A recent review of epidemiological studies of lithium in drinking water reported that 9 out of 11 studies found an association between higher levels of lithium in local water and “beneficial clinical, behavioral, legal and medical outcomes.”
Trying to make sense of their results, the authors of the Japanese study speculated that lithium exposure, even in these tiny amounts, might actually be neuroprotective or even enhance the growth of neurons. Other studies have supported their speculation; lithium appears to promote the health, growth and resilience of neurons, reducing stress-induced damage.
One study found that at the higher therapeutic doses used to treat mood disorders, brain scans of bipolar patients treated with lithium actually had increased areas of gray matter (neurons) in their brains, compared with bipolar patients who had not been on lithium and with normal controls. The authors speculated that lithium might protect the brain, perhaps promoting neuronal growth.
IN the clinical practice of psychiatry, there has been a related finding. Patients with mood disorders have been shown to have rates of dementia higher than those of the general population.
A Danish population study of more than a million subjects discovered that those who purchased lithium only once (presumably people in whom a significant mood disorder had already been diagnosed) had an increased rate of dementia compared with those never exposed to lithium. After taking two or more prescriptions, however, the rate of dementia decreased and remained at those low levels. The authors concluded that, “continued lithium treatment was associated with reduction of the rate of dementia to the same level as that for the general population.”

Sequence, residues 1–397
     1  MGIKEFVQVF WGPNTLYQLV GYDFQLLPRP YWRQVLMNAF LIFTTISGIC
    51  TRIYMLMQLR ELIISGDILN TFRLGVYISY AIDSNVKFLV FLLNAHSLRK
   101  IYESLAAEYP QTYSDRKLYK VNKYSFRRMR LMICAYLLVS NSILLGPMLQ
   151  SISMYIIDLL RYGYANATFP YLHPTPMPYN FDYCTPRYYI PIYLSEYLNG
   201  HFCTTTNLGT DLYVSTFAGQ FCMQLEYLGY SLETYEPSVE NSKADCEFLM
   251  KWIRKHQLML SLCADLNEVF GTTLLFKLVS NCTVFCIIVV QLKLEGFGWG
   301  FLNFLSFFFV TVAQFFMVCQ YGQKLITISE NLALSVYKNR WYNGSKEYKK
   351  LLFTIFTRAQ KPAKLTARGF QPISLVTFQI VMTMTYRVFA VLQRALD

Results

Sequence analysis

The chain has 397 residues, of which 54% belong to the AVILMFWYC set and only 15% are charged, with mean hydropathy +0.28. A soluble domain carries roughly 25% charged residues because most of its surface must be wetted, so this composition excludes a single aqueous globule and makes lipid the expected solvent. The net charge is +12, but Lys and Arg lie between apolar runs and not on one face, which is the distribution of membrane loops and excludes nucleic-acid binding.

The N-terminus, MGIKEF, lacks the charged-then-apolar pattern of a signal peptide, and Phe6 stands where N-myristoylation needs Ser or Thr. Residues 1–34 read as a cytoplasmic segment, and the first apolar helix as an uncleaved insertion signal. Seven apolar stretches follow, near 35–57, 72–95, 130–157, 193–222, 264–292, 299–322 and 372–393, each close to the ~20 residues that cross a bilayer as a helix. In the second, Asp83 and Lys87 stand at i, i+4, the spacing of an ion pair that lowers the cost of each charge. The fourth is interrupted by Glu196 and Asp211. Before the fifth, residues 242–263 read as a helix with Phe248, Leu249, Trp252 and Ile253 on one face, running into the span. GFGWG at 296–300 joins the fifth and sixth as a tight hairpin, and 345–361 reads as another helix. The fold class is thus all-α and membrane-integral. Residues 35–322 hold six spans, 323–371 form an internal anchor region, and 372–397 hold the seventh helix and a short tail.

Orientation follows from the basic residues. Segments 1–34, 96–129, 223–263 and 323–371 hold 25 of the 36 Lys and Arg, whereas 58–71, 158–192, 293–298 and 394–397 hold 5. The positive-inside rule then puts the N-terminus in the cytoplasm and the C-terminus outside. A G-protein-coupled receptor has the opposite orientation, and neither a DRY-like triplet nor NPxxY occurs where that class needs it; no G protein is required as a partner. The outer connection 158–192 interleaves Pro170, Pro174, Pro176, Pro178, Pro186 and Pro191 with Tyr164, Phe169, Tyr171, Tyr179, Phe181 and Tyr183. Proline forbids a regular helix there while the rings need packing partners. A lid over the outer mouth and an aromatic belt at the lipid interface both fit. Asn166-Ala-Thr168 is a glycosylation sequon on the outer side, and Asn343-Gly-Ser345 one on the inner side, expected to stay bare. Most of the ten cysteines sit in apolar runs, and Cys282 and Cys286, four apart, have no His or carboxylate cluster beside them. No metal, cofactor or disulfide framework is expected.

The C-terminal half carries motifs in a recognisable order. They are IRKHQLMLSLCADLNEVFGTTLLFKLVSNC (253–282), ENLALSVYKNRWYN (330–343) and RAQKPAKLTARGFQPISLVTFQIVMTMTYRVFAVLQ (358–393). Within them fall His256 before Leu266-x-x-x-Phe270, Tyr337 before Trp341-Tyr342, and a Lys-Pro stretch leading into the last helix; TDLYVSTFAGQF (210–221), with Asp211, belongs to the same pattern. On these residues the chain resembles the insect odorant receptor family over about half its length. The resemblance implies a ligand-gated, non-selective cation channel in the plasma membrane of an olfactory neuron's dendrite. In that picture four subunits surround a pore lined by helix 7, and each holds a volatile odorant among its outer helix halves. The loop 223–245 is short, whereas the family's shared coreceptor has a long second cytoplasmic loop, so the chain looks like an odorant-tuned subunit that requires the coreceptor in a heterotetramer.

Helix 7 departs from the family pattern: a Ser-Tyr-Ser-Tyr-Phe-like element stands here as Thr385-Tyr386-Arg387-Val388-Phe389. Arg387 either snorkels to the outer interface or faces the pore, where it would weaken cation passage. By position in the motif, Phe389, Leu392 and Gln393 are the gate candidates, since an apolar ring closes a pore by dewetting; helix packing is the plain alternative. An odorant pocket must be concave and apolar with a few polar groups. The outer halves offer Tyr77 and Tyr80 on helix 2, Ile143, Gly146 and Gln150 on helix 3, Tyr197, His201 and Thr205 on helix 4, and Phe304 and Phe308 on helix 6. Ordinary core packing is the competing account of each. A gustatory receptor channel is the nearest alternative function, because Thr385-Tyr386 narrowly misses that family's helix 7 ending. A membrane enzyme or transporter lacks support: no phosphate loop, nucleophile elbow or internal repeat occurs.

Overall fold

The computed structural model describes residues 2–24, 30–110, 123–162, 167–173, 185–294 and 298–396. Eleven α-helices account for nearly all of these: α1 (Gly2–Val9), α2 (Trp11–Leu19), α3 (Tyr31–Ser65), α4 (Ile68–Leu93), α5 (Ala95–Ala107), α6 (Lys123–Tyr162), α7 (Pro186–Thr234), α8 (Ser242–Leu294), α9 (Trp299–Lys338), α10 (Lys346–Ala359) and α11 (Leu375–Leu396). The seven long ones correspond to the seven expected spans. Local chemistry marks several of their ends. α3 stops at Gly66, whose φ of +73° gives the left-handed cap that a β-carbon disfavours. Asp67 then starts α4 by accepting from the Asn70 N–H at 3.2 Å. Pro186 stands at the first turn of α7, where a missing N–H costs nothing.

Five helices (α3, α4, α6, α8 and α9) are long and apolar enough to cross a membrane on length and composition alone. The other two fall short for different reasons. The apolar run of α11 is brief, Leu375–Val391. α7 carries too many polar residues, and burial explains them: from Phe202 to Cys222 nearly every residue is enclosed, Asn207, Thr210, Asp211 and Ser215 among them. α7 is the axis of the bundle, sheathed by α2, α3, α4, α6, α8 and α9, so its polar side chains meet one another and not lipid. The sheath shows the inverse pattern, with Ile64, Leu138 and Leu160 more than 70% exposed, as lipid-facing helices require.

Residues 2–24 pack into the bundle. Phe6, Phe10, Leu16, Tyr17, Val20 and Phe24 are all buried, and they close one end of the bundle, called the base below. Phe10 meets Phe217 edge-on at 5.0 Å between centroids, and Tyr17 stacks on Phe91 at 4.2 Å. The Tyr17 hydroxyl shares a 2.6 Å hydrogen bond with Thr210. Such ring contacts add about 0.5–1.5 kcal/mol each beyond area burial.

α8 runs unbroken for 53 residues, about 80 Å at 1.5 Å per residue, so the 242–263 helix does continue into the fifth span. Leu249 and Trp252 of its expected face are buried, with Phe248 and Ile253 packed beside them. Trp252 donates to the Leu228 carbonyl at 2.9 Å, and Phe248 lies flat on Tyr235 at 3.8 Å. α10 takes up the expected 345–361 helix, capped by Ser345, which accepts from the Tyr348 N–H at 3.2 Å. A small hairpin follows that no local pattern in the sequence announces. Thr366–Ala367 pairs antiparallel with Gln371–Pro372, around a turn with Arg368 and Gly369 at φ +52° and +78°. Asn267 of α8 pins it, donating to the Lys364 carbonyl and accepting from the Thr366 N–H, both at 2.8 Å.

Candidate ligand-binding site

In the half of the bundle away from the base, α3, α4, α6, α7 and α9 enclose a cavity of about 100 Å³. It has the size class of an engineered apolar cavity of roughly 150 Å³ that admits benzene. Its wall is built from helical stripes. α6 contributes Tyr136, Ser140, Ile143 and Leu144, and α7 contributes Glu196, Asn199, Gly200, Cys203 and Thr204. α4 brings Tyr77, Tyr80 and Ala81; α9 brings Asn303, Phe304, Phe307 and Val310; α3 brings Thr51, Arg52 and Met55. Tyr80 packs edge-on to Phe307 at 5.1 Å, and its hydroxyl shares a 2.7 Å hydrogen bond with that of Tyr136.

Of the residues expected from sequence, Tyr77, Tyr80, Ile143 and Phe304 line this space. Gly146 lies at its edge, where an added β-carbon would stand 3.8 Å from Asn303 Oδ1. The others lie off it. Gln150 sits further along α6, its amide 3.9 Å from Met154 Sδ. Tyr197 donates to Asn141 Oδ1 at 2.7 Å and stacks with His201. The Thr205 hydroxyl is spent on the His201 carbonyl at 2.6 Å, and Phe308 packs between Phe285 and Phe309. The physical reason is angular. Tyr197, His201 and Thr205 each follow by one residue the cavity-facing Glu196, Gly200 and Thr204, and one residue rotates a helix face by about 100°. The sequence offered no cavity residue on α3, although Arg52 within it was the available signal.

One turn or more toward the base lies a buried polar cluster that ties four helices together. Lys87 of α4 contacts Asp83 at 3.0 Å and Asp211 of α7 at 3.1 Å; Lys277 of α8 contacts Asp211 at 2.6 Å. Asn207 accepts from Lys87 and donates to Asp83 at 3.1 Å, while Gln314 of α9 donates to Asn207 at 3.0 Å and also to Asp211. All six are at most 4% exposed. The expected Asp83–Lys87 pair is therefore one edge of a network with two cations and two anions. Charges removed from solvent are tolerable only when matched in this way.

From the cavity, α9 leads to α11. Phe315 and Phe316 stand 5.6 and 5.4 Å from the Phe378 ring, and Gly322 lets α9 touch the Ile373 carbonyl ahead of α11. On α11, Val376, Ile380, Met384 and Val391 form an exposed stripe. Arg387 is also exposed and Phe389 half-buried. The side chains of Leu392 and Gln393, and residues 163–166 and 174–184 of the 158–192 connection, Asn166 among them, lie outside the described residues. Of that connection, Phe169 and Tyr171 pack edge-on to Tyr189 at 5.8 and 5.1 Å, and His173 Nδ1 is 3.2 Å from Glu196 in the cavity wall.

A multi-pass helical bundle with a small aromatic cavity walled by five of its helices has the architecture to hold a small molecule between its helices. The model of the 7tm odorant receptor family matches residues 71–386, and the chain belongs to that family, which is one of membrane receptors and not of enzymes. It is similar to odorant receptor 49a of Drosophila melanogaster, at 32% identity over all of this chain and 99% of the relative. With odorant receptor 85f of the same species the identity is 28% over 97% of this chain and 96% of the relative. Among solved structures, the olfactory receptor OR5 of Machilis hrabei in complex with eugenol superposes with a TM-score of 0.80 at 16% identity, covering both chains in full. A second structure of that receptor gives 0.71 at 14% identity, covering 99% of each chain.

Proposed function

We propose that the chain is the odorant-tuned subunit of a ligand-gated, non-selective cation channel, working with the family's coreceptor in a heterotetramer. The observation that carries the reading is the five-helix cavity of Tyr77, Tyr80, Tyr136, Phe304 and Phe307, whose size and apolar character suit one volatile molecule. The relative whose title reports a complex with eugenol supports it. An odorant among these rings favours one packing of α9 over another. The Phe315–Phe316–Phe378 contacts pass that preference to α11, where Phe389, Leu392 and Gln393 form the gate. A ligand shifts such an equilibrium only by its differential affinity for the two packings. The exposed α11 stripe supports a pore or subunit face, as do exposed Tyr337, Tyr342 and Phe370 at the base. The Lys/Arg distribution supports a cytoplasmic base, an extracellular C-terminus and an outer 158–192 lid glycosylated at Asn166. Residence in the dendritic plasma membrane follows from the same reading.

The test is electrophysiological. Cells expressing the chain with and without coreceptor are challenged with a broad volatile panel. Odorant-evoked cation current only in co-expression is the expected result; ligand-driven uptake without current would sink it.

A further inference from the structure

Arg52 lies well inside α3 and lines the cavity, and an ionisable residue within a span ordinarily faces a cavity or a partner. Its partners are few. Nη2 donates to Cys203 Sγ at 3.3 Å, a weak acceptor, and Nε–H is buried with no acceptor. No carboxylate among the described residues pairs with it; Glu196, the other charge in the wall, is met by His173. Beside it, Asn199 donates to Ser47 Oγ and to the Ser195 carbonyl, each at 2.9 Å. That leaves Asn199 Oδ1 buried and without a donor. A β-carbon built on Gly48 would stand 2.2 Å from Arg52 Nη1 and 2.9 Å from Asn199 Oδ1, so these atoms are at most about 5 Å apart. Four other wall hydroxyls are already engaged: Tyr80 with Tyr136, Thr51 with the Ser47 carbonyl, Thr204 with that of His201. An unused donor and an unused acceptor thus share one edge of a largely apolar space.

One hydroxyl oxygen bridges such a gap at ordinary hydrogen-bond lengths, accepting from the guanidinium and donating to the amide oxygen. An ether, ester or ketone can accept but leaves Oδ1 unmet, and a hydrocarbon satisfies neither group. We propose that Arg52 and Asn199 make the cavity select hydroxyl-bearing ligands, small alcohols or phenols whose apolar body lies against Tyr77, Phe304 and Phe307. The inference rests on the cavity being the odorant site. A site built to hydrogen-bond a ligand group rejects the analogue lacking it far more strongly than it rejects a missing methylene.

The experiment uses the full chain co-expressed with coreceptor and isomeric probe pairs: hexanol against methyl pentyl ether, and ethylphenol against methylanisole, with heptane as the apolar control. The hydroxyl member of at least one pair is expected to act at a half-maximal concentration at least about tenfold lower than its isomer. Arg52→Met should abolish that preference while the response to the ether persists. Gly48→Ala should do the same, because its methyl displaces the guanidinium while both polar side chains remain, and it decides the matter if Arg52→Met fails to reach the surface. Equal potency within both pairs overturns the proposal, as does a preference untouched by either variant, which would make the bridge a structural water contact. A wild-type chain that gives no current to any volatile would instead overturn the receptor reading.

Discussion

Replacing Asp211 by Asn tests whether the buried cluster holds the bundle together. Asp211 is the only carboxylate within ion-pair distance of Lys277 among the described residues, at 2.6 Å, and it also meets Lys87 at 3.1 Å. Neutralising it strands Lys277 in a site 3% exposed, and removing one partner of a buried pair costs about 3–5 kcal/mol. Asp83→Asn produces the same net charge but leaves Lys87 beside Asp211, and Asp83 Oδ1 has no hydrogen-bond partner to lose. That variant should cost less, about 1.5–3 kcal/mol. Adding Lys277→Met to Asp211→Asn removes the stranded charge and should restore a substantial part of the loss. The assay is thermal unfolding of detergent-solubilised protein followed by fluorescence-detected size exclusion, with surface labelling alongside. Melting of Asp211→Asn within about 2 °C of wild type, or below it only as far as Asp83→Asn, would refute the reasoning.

Dr. Nassir Ghaemi, a professor of psychiatry at Tufts University School of Medicine and one of the most active and informed proponents of lithium in the medical community, notes: “Lithium is, by far, the most proven drug to keep neurons alive, in animals and in humans, consistently and with many replicated studies.” And, he added, “If lithium prevents dementia, then we may have overlooked a very simple means of preventing a major public health problem.”
When the data from the Japanese study was reanalyzed in a second publication, the authors concluded that those people with higher levels of lithium in their water supply had lower levels of “all-cause mortality.” Why have these findings been so little discussed in the medical, psychiatric and public health communities?
One could make a case that lithium is the Cinderella of psychotropic medications, neglected and ill used. Reported by an Australian psychiatrist, John Cade, in 1949 to be an effective treatment for bipolar disorder (it was approved as a drug by the Food and Drug Administration in 1970) its efficacy in mood disorders and suicide prevention has been documented as well as or better than virtually any other psychotropic medication. But it retains a grim and undeserved reputation, perhaps because it was originally associated in the public mind with serious mental illness and because, like many medications, lithium can have serious side effects if not monitored properly. As a psychiatrist, I can tell you that because of its stigma, lithium as a medication is a hard sell to patients with serious mood disorders who could clearly benefit from treatment. But there are undoubtedly other reasons for its neglect. Pharmaceutical companies have nothing to gain from this cheap, ubiquitous element.